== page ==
MYSTIC - It's a trip that steamboat Sabino has embarked on many times.
"We're heading south down the Mystic River," says Captain John Kihm who operates the vessel out of Mystic Seaport: The Museum of America and the Sea. The mission? To show visitors the modern landscape with an old-fashioned perspective. "I’m really just enjoying the ride, just enjoying the ride," says passenger Tom Pepin of West Haven.
But, these days, each excursion feels special because the vessel just recently returned to service, bringing an iconic image back to the river. "It came back from a three year restoration," explains Kihm. "They’d taken the boat apart, rebuilt the boilers, redid some of the main timbers and basically took it apart and built it up so it would be good for the next 30 years."
The vital work preserves the future of a rare, hard-working boat. Sabino was built in 1908 to ferry passengers and cargo between towns in Maine. "It’s a piece of history - a beautiful piece of history because every part of the engine and boiler was handmade," says Kihm.
Now, it's the oldest coal fired vessel in operation. The Engine Room - which welcomes visitors - illustrates a fascinating process. "The coal fire turns the water into steam," explains engineer Ed Crotty. "The steam runs the engine and all the machinery." Mystic Seaport considers Sabino a working exhibit. She is one of four National Historic Landmark vessels operated by the museum.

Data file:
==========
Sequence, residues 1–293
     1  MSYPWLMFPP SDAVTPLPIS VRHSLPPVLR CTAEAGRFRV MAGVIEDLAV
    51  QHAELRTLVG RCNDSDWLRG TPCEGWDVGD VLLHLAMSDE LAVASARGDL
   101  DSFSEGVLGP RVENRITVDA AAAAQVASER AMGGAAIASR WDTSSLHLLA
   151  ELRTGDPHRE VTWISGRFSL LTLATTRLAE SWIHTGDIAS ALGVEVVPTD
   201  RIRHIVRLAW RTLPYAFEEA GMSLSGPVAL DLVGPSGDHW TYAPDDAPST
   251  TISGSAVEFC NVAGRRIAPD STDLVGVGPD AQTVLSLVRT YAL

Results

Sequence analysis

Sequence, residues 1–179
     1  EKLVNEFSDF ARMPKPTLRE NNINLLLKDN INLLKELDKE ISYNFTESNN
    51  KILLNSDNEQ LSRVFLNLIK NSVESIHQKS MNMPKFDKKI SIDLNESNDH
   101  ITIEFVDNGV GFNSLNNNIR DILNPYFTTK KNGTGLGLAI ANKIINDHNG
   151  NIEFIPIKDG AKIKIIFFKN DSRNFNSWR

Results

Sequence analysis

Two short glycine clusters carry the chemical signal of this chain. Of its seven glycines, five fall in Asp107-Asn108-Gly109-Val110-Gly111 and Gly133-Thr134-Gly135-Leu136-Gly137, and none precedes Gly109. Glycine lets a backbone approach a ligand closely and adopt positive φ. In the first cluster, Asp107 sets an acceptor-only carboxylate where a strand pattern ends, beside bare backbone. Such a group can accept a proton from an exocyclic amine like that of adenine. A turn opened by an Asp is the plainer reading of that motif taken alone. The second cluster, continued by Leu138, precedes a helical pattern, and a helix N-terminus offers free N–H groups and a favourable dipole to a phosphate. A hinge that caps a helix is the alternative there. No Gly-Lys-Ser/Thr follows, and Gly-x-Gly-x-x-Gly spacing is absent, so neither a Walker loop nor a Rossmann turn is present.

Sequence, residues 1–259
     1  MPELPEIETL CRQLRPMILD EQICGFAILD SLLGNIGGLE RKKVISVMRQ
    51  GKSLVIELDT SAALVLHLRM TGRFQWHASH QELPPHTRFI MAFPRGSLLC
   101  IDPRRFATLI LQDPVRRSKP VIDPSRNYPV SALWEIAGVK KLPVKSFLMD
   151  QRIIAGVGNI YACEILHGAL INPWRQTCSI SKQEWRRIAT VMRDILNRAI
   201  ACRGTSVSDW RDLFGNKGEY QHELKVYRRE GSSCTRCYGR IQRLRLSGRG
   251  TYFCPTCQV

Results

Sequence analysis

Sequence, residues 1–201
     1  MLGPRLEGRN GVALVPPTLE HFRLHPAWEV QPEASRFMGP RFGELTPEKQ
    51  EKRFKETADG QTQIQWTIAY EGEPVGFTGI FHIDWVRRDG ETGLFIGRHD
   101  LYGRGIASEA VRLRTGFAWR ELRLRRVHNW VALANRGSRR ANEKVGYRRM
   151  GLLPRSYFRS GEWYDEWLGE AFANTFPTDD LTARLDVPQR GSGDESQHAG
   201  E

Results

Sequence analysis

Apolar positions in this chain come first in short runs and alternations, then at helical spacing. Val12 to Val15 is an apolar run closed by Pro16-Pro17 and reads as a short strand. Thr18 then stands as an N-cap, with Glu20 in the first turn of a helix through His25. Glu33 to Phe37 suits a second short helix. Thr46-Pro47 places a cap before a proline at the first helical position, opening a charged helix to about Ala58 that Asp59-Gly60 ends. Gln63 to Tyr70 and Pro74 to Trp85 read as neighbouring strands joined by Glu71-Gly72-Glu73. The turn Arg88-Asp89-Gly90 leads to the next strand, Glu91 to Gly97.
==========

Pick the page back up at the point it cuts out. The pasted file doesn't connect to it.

During tours, the boat cruises by well-known sites like the historic Bascule Bridge.
"I just love the boat," says Charlene Ribera of West Haven. "I like looking out but I’m really interested in the boat." See craftsmanship, hear the past - have an experience that's comfortable and classic. "People love it when it gets cooler out," says Kihm, eager to see the fall foliage during tours on Sabino. "It’s a great place to sit and watch the river go by - watch the world go by."
Mystic Seaport offers three tours a day aboard Sabino - five days a week - through October 9th. Click here for more information.